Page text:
Not Loving the Beatles' 'Love'

It certainly sounded like a bold idea—shockingly brazen, even. Raid the Beatles' master recordings at Abbey Road Studios, break them apart, scramble, mash and reassemble them, and then serve up the result in 5.1 Surround Sound as the score to a Cirque de Soleil show called "Love." To diehard fans it smacked of sacrilege. But the project was endorsed by the two surviving Beatles, as well as Beatles widows Yoko Ono and Olivia Harrison. Placed in the care of "fifth Beatle" producer George Martin and his son Giles, "Love" arrived in stores last week dripping with credibility and inviting questions. Would it be the first "new" Beatles album in 40 years? What would a sanctioned Beatles mash-up sound like?

A lot like the original recordings, it turns out. Superfans needn't have worried: "Love" neither adds to nor detracts from the brilliant music four lads from Liverpool recorded nearly a half century ago. It sounds beautiful. But revolutionary—or even particularly interesting—it ain't. The Beatles catalog has never been fully remastered for CD or sold anywhere as online downloads, which may help explain why the gorgeously crisp "Love" debuted at No. 4 on the Billboard charts and why the album "1" was a monster hit six years ago. As with any new iteration of the "Star Wars" DVD collection, the market for remastered Beatles music is almost weirdly robust.

So too is tolerance for innovation, which makes sense since no one was more innovative than the Beatles and George Martin. But those who come seeking innovation will find that "Love" bites. In 2004, when mash-ups were ascendant, Brian Burton, a.k.a. Danger Mouse , famously mashed the music from the Beatles' eponymous "White Album" with the vocal tracks of rapper Jay-Z's "Black Album." Without their consent, Danger Mouse broke the Beatles' music down to its molecular level and completely reimagined it. It was the freshest take on their songwriting in at least a generation, and music lovers had passionate feelings of all kinds about it. "Love," on the other hand, hovers somewhere between a greatest-hits compilation and a collection of reverential Beatles' covers. Much more the former than the latter, it takes no great risks and offers no great insights other than to remind us for the squillionth time that, gosh, these boys sure could write the hell out of a song.

The record starts with an acapella version of "Because" that sounds largely as it does on "Abbey Road," only gratingly slower and more boring. "Get Back" kicks off with the instantly recognizable first chord of "Hard Day's Night" (how many other songs can you name in one note?) and a drum break from "The End" before launching into a straightforward take on one of the most familiar songs from one of the most familiar catalogs on earth. As far as remixing goes, this is very tentative stuff. Older Beatles fans will probably appreciate the light touch. But most of us will wonder why Martin fils et pere even bothered. Why give us the same old "Eleanor Rigby?" For a lonely lady, she has plenty of fans as she is. Why give us "I am the Walrus" without doing anything radical to it? The song was a crazy patchwork of sound and visuals in 1967, which ought to have inspired the Martins to go positively goo goo ga-joob with it in the studio today. But here it is sounding exactly as it did the first time you heard it. Why bother?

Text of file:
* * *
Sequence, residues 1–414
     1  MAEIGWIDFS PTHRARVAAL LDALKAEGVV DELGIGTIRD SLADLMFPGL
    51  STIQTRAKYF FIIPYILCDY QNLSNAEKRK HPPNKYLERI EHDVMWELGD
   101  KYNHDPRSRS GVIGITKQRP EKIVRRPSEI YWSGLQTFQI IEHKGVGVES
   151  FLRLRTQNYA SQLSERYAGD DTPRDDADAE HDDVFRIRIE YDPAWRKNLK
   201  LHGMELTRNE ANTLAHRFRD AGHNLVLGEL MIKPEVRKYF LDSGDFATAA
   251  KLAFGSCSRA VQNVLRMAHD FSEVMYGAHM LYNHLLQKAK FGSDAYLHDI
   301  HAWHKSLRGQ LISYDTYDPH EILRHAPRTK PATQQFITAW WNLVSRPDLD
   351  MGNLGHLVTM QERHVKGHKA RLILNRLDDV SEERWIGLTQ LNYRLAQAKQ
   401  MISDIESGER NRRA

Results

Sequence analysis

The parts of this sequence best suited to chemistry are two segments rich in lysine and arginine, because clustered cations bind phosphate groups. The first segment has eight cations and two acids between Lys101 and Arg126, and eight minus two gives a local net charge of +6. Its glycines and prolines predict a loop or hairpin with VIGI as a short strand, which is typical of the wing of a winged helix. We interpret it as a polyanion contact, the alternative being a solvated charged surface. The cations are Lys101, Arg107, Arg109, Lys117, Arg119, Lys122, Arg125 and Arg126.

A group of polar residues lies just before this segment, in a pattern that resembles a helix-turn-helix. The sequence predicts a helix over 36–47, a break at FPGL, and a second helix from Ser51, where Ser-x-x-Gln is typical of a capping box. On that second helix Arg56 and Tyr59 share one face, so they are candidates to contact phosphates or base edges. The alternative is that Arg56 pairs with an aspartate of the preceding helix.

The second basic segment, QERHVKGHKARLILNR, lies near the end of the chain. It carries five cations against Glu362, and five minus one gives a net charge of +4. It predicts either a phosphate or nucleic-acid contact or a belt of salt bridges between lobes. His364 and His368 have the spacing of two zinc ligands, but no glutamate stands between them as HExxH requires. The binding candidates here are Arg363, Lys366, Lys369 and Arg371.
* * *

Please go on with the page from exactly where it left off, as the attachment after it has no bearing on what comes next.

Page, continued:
There are some nice moments here. The 80-minute album is sprinkled with segues and snippets of sound that make for fun geeking out, trying to decipher which songs they originally came from. But only one track can truly be considered a mash-up here, a mildly exciting medley that seamlessly slides from "Drive My Car" into "What You're Doing" and "The Word," punched through with the "Savoy Truffle" horn section. But when "Being for the Benefit of Mr. Kite" similarly fades into "I Want You (She's So Heavy)," the trick begins to feel like little more than an exercise in cute beat-matching . "I Want to Hold Your Hand" is a spliced-together version of live and studio recordings. The famously screaming fans in Ed Sullivan's studio fade in and out, hinting to the listener that maybe the Martins never did intend on doing anything other than revering the music they'd been charged with. "Something" is given lovely, lush strings that work better than they do on the other George Harrison track here, a treacly, almost guitar-free "While My Guitar Gently Weeps."

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To be sure, those hoping for true innovation here might have been a bit naive. This is after all, the soundtrack to a popular circus production, more commerce than culture. In an interview with an Australian newspaper, Giles Martin has called "Love" "a sort of live show that never happened." He uses a telling metaphor. "It's like if your girlfriend changes the color of her hair and it makes you fall in love with her again in a whole different way," he says. "We've done that with the Beatles." But if you put a wig on Angelina Jolie, she's still Angelina Jolie—there are some things you just can't improve upon so easily.

Still, "Strawberry Fields Forever" manages to surprise as it gradually morphs from John Lennon's spare acoustic demo into the final studio recording, peppered with elements of "Piggies," "Penny Lane," and "Baby You're a Rich Man," among others. "Lady Madonna" is astonishingly clear, almost as if you're sitting next to Paul McCartney as he barrels his way through it in the studio. "Hey Jude"—one of those songs that should probably just be retired forever—gets a bit of funky face-lift that'll have you "Na Na Na-ing" right along despite yourself. In the end, even moments like these still make you want to turn "Love" off and reach for the original recordings. So maybe John and Paul were wrong. Maybe all you need is ... the complete remastered catalog.